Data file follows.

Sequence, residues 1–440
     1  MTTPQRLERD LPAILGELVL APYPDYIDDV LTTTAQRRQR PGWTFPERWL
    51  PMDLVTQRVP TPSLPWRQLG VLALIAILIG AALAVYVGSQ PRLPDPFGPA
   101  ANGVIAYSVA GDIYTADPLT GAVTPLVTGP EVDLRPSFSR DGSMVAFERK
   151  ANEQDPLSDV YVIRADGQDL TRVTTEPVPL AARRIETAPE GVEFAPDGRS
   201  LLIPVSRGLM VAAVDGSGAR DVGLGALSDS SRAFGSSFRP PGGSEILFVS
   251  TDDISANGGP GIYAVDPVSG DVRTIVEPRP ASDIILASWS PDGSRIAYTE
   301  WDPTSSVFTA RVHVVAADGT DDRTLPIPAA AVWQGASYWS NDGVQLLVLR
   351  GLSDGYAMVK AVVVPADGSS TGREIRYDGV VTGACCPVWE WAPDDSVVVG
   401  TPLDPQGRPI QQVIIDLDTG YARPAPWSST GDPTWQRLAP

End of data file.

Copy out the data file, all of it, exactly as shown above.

Sequence, residues 1–440
     1  MTTPQRLERD LPAILGELVL APYPDYIDDV LTTTAQRRQR PGWTFPERWL
    51  PMDLVTQRVP TPSLPWRQLG VLALIAILIG AALAVYVGSQ PRLPDPFGPA
   101  ANGVIAYSVA GDIYTADPLT GAVTPLVTGP EVDLRPSFSR DGSMVAFERK
   151  ANEQDPLSDV YVIRADGQDL TRVTTEPVPL AARRIETAPE GVEFAPDGRS
   201  LLIPVSRGLM VAAVDGSGAR DVGLGALSDS SRAFGSSFRP PGGSEILFVS
   251  TDDISANGGP GIYAVDPVSG DVRTIVEPRP ASDIILASWS PDGSRIAYTE
   301  WDPTSSVFTA RVHVVAADGT DDRTLPIPAA AVWQGASYWS NDGVQLLVLR
   351  GLSDGYAMVK AVVVPADGSS TGREIRYDGV VTGACCPVWE WAPDDSVVVG
   401  TPLDPQGRPI QQVIIDLDTG YARPAPWSST GDPTWQRLAP